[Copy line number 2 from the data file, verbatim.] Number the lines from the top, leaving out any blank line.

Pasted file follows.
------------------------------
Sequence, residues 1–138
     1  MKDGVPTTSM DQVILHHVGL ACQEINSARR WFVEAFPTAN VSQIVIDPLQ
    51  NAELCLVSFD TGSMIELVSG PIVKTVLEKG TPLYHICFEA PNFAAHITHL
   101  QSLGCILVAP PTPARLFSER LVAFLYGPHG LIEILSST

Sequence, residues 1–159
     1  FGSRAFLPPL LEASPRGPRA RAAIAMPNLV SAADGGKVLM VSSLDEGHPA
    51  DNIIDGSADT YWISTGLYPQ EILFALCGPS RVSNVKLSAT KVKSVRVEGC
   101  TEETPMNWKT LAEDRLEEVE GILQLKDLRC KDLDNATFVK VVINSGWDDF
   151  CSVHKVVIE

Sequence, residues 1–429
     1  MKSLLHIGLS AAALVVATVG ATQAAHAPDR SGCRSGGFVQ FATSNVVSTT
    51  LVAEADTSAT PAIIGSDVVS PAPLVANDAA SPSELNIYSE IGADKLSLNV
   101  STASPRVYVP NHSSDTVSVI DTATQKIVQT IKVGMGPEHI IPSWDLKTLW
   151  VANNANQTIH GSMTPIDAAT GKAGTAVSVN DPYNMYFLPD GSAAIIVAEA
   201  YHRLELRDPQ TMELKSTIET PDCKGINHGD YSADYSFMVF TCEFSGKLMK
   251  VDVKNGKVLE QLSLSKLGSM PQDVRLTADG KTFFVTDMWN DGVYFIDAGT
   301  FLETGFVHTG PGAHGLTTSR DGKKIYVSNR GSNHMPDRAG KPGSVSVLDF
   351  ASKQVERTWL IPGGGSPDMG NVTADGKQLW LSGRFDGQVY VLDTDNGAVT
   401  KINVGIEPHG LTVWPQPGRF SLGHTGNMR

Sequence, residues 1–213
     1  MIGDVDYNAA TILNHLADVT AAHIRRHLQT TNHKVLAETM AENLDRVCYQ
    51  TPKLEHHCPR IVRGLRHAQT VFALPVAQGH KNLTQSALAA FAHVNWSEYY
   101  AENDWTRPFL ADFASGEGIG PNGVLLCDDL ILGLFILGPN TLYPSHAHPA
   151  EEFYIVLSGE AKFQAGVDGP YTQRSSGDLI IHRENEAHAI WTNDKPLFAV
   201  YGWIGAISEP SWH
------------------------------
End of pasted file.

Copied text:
     1  MKDGVPTTSM DQVILHHVGL ACQEINSARR WFVEAFPTAN VSQIVIDPLQ